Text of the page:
For more than two decades, the Foo Fighters have been the standard-bearers for straight-ahead rock. Other bands have been more critically acclaimed, and a few other bands have hit higher commercial peaks, but no band has quite matched Dave Grohl and company, in terms of carrying the torch for a genre some assume to be dying.
Although most often, and possibly incorrectly, labeled "alternative rock," the Foo Fighters are, for better or worse, relics of a bygone era. They were influenced by punk in the way that punk was influenced by Chuck Berry. They are simply the latest in an evolutionary line that puts a well-known rock and roll style in a more modern context.
With the band's ninth studio album, "Concrete and Gold," there was little chance that the Foo Fighters would reinvent its sound. Although the band has a much fuller sound today than in 1995, when Grohl was recording albums in true solo fashion, like a post-grunge McCartney or Prince, steps have been incremental. But there are some twists which should satisfy both longtime fans and listeners (myself included), who respect the band's craft but find themselves hoping for the occasional left turn.
The lead single, "Run," is perhaps the band's heaviest song ever. the Foos-to-Nirvana comparisons have always seemed a bit hackneyed and lazy, but the early parts of the track are reminiscent to a major Nirvana influence, Mudhoney. Grohl has never had Kurt Cobain's flair for emotion, but his rock howl, as is typically the case, holds up well over the course of songs, which demand competence vocally rather than virtuosity.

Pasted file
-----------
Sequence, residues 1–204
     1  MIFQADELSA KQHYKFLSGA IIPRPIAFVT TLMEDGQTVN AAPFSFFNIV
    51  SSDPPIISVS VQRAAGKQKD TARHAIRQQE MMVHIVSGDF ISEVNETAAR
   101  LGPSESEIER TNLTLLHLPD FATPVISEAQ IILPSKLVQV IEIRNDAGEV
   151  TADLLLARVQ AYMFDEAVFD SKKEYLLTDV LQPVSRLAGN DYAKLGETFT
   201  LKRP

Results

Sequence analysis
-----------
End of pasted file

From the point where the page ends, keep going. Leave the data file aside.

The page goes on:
"The Sky is a Neighborhood," the second single from "Concrete and Gold," has a density to it which is unprecedented in the band's catalog. The songwriting and the band's playing, as typically is the case, is workmanlike, but the sheer force of 2017 technology makes it a unique part of their discography.
The album's third single, "The Line," unfortunately, doesn't quite match the experimentation of the previous two tracks. It's far from a bad song and includes some nice vocal melodies, but it's the point in the album's promotional cycle that first suggests listeners should expect nothing more and nothing less than a typical Foo Fighters album.
Indeed, "Concrete and Gold" is full of '70s-inspired arena rock, mixed with slightly more modern influences. "Make It Right" imagines if Faces had come a few years after the Sex Pistols, rather than a few years before.
"La Dee Da" has the hallmarks of vintage Husker Du, while "Dirty Water" sounds like early-Foo Fighters (think "Big Me").
Ironically, the only song on the album that isn't particularly exciting in some way is "Happy Ever After," a song which most obviously differs from the typical Foo Fighters sound. The song tries to be pretty and acoustic, and it doesn't suit the band's adequacy as well as the songs which depend on the band's passion.
Few have discussed Grohl's guitar playing in the same way that Jack White's draws attention. But that has never been their cache. The Foo Fighters are a rock-solid band that cares about being a rock-solid rock band, and not much more.
This is a fine album, one which could entice new listeners shockingly well for a band further into existence than the Rolling Stones when the band released "Start Me Up." It isn't creative enough to elevate to classic status, nor is it quite the ball of energy to make a lack of creativity unnoticed, but the Foo Fighters likely don't care about making "Revolver." The band seems content to make a bunch of "Back in Black"s, and the world needs those too.